Overview

Courses in the Department of Religious Studies enable students to understand the complex nature and role of religion in human societies. In addition to building basic fluency in a range of religious traditions and communities, students will develop an ability to answer the following kinds of questions: How do people conceive of religion? How does religion orient meaning-making about the world and the transcendent? How does religion structure and shape communities? How does religion interact with material, social, economic, and political conditions? How is religion expressed within and across time and place and how does it travel?

Courses familiarize students with the variety of critical approaches scholars employ when studying religion, including literary studies, history, anthropology, sociology, gender studies, etc. Students discern the advantages and limitations of each approach and learn to identify the most beneficial approach (or combination of approaches) when studying different topics or issues.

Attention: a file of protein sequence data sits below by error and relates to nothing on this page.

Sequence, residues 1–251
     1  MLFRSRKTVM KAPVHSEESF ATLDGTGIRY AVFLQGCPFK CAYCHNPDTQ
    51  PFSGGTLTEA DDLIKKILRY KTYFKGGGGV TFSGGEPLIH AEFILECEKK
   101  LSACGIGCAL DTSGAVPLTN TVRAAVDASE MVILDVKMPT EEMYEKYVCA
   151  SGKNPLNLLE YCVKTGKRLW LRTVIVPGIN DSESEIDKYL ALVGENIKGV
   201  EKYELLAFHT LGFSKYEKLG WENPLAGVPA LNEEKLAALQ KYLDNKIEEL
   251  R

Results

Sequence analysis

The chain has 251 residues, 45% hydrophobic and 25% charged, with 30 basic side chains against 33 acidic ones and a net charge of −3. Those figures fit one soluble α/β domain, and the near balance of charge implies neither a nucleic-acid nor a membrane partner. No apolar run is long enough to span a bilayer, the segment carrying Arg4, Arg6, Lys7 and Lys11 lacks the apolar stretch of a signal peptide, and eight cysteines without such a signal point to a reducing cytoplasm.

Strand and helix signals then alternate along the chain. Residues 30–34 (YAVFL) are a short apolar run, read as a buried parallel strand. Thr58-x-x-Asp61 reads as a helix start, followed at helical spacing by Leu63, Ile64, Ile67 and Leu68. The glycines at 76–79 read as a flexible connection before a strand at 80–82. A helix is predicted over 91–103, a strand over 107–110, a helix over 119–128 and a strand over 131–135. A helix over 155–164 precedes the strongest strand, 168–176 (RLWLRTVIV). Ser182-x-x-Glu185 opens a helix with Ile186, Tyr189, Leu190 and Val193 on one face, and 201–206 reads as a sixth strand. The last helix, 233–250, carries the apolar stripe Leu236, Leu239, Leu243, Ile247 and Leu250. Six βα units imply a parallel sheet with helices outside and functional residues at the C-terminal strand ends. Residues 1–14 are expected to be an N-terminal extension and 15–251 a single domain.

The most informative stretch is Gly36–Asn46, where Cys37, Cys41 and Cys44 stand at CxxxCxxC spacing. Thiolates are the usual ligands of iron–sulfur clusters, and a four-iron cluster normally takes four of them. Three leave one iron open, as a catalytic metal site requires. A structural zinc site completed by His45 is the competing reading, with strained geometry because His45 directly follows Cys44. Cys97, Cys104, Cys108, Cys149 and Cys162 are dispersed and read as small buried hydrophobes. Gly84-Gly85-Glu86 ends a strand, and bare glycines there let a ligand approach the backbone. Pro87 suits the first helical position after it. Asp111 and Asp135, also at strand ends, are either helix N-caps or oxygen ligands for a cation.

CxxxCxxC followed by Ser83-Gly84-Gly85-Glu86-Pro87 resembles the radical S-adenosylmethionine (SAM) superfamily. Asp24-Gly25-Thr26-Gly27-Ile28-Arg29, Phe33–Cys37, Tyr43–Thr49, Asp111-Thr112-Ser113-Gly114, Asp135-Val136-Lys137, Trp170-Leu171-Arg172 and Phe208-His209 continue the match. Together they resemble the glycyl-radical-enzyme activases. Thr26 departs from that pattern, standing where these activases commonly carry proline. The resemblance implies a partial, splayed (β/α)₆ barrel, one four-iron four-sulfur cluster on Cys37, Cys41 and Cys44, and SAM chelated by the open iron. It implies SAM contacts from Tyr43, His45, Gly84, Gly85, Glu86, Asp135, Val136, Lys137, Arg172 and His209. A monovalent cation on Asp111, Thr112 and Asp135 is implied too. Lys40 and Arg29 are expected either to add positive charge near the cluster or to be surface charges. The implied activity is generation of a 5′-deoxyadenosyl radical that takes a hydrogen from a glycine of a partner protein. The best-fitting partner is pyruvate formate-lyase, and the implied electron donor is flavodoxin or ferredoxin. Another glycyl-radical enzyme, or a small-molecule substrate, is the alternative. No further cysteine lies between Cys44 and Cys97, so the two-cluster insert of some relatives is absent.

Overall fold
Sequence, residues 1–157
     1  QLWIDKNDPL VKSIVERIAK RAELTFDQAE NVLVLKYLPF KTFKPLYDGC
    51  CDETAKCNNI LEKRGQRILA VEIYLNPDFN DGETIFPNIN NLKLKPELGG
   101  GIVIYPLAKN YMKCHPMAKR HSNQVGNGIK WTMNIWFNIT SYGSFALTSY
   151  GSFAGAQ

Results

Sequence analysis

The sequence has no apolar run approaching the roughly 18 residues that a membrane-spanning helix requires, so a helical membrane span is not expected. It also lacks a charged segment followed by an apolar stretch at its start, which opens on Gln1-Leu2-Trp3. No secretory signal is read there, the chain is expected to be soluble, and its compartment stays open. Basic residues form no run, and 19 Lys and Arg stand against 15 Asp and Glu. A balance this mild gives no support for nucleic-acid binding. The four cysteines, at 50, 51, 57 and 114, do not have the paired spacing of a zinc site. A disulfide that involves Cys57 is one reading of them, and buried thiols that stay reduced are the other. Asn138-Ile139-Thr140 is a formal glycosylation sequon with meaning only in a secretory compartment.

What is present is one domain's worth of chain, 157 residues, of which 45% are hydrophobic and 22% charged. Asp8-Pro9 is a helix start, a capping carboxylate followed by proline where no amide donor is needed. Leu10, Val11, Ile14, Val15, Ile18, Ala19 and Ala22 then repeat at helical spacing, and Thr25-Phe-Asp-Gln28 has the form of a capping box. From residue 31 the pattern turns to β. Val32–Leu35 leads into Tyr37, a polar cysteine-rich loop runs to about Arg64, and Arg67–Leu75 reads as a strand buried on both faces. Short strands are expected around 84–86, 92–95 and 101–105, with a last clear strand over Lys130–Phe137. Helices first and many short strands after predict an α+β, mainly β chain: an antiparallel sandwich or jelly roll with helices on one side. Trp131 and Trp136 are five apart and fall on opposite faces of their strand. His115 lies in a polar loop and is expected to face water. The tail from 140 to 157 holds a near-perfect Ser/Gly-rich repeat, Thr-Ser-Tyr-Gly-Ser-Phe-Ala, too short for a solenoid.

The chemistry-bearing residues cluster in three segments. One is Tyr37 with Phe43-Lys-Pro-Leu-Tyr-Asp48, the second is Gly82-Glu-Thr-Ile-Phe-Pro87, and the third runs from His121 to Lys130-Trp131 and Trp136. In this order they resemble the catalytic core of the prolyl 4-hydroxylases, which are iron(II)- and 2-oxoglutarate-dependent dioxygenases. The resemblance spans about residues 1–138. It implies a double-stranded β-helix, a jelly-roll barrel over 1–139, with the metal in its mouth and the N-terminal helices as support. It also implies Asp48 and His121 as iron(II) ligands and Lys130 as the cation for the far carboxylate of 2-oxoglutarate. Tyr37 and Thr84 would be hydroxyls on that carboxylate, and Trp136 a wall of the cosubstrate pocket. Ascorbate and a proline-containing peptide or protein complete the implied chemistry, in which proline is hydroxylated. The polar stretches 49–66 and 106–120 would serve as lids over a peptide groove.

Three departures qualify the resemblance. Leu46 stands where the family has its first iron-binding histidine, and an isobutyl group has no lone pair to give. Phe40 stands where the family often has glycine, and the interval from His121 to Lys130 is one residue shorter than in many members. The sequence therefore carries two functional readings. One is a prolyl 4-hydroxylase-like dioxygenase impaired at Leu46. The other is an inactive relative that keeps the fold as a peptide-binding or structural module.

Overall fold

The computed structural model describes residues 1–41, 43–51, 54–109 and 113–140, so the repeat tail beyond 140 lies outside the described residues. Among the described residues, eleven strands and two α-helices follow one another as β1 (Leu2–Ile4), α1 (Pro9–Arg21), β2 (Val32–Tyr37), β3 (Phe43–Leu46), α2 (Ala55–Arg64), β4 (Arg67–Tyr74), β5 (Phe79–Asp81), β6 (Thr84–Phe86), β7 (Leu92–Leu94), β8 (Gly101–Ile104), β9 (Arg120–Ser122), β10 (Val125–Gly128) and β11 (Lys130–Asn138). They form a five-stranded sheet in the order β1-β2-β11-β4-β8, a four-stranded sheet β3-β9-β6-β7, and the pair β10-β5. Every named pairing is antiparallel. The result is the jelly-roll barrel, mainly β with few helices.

By cultivating complex and nuanced perceptions of religion and by cultivating a range of methodological and theoretical skills, students are primed to conduct in-depth independent research—culminating in the Senior Comps project—and students become informed, critical individuals who are able to contribute to constructive public discourse about religion.

Majors and minors in the department develop critical habits of mind and a strong set of transferable skills that prepare them for a range of post-graduate options. Recent graduates have received prestigious fellowships (such as the Fulbright), have attended graduate school in a range of fields, and have pursued a variety of professions, including law, medicine, business, social services, government, and religious vocations.